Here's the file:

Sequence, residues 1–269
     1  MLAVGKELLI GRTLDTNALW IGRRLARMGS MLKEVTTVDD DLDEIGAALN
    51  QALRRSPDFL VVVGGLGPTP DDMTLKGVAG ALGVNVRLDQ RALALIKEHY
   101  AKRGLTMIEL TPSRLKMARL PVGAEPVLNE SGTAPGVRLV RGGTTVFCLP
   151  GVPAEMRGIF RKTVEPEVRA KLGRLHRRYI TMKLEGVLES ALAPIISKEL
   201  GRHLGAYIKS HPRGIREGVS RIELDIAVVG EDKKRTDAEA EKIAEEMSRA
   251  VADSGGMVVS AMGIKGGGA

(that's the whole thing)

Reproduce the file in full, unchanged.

Sequence, residues 1–269
     1  MLAVGKELLI GRTLDTNALW IGRRLARMGS MLKEVTTVDD DLDEIGAALN
    51  QALRRSPDFL VVVGGLGPTP DDMTLKGVAG ALGVNVRLDQ RALALIKEHY
   101  AKRGLTMIEL TPSRLKMARL PVGAEPVLNE SGTAPGVRLV RGGTTVFCLP
   151  GVPAEMRGIF RKTVEPEVRA KLGRLHRRYI TMKLEGVLES ALAPIISKEL
   201  GRHLGAYIKS HPRGIREGVS RIELDIAVVG EDKKRTDAEA EKIAEEMSRA
   251  VADSGGMVVS AMGIKGGGA